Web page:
Relative impact of pre-eclampsia on birth weight in a low resource setting: A prospective cohort study.
Starling, Jennifer E
Scott, James G
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Nakimuli, A., Starling, J. E., Nakubulwa, S., Namagembe, I., Sekikubo, M., Nakabembe, E., Scott, J. G., et al. (2020). Relative impact of pre-eclampsia on birth weight in a low resource setting: A prospective cohort study.. Pregnancy hypertension, 21 1-6. https://doi.org/10.1016/j.preghy.2020.04.002
Objectives: Low birth-weight is a major risk factor for perinatal death in sub-Saharan Africa, but the relative contribution of determinants of birth-weight are difficult to disentangle in low resource settings. We sought to delineate the relationship between birth-weight and maternal pre-eclampsia across gestation in a low-resource obstetric setting. Study design: Prospective cohort study in a tertiary referral centre in urban Uganda, including 971 pre-eclampsia cases and 1,461 control pregnancies between 28-42 weeks gestation. Main outcome measures: Nonlinear modeling of birth-weight versus maternal pre-eclampsia status across gestation. Models were adjusted for maternal-fetal characteristics including maternal age, parity, HIV status, and socio-economic status. Propensity score matching was used to control for the severity of pre-eclampsia at different gestational ages. Results: Mean birth-weight for pre-eclampsia cases was 2.48kg (±0.81SD) compared to 3.06kg (±0.46SD) for controls (p<0.001). At 28 weeks, the mean birth-weight difference between pre-eclampsia cases and controls was 0.58kg (p<0.05), narrowing to 0.17kg at 39 weeks (p<0.01). Controlling for pre-eclampsia severity only partially explained this gestational difference in mean birth-weight between pre-eclampsia cases and controls. Holding gestational age constant, pre-eclampsia status predicted 7.1-10.5% of total variation in birth-weight, compared to 0.05-0.7% for all other maternal-fetal characteristics combined. Conclusions: Pre-eclampsia is the dominant predictor of birth-weight in low-resource settings and hence likely to heavily influence perinatal survival. The impact of pre-eclampsia on birth-weight is smaller with advancing gestational age, a difference that is not fully explained by controlling for pre-eclampsia severity.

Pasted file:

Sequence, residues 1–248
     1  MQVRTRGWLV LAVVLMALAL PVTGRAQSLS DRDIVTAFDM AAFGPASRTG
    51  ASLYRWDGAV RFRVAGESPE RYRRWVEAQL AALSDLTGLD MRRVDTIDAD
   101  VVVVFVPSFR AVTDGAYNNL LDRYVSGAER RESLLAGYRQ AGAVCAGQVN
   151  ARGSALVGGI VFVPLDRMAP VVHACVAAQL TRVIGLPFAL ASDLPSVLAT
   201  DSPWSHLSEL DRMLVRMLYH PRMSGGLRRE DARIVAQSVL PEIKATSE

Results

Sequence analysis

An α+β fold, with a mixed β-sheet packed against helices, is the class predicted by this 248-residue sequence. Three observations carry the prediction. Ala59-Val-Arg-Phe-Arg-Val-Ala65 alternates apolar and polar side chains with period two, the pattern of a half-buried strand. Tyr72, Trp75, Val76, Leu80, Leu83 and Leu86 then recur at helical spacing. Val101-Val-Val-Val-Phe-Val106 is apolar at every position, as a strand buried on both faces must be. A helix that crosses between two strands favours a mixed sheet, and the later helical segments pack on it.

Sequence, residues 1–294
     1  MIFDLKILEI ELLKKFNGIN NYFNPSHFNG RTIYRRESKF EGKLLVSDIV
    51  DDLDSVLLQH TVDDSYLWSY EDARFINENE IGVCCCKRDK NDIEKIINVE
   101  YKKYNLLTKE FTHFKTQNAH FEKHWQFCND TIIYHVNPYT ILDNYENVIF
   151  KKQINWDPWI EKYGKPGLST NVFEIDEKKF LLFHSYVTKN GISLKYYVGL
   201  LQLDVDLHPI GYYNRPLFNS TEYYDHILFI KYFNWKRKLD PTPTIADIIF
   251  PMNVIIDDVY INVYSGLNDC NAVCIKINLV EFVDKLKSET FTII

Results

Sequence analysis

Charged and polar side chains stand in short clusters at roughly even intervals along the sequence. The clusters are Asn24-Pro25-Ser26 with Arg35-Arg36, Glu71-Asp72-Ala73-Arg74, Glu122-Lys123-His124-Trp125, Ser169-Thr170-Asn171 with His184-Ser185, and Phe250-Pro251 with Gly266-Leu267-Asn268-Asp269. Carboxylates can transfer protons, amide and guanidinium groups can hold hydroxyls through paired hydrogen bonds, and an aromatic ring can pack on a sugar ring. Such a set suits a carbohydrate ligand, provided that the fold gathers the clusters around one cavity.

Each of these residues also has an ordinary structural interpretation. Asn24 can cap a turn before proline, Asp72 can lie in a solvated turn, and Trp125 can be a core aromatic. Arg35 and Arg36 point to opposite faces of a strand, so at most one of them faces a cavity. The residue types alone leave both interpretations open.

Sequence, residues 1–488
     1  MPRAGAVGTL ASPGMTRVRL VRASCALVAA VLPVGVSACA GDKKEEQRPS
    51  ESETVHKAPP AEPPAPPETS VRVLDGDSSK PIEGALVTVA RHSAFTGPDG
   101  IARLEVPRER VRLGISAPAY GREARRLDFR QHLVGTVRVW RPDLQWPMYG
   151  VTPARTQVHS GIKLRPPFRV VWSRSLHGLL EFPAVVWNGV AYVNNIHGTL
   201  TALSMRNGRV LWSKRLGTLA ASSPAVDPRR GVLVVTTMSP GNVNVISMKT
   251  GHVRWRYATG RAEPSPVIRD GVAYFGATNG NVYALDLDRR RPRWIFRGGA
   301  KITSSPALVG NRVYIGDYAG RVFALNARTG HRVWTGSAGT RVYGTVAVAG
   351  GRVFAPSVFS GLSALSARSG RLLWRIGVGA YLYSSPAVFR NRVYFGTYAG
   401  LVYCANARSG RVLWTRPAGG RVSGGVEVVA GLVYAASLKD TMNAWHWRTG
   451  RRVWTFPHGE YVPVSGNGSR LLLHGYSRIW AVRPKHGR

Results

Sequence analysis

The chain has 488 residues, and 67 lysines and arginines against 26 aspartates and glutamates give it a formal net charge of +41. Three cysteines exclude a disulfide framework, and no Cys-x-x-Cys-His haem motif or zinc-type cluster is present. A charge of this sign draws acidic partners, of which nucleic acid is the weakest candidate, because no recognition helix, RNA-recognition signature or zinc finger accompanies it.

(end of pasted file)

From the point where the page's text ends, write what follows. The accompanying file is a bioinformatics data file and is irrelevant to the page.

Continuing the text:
Humans, Pre-Eclampsia, Birth Weight, Case-Control Studies, Prospective Studies, Gestational Age, Pregnancy, Poverty, Adult, Infant, Newborn, Infant, Low Birth Weight, Uganda, Female, Young Adult
CA is supported by an Isaac Newton Trust[12.21(a)]/Wellcome Trust ISSF [105602/Z/14/Z]/ University of Cambridge Joint Research Grant. This work was funded by the Wellcome Trust (094073/Z/10/B), and a Wellcome Trust Uganda Postdoctoral Fellowship in Infection and Immunity held by AN, funded by a Wellcome Trust Strategic Award, grant number 084344. Supported by NURTURE fellowship to AN, grant number D43TW010132. This work was also supported through the DELTAS Africa Initiative (grant number 107743/Z/15/Z). The DELTAS Africa Initiative is an independent funding scheme of the African Academy of Sciences (AAS)’s Alliance for Accelerating Excellence in Science in Africa (AESA) and supported by the New Partnership for Africa’s Development Planning and Coordinating Agency (NEPAD Agency) with funding from the Wellcome Trust (grant number 107743/Z/15/Z) and the UK government. The views expressed in this publication are those of the author(s) and not necessarily those of AAS, NEPAD Agency, Wellcome Trust or the UK government. JES acknowledges the support of a T32 fellowship from the U.S. National Institutes of Health.
WELLCOME TRUST (094073/Z/10/B)
External DOI: https://doi.org/10.1016/j.preghy.2020.04.002
This record's URL: https://www.repository.cam.ac.uk/handle/1810/304438
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Licence URL: https://creativecommons.org/licenses/by-nc-nd/4.0/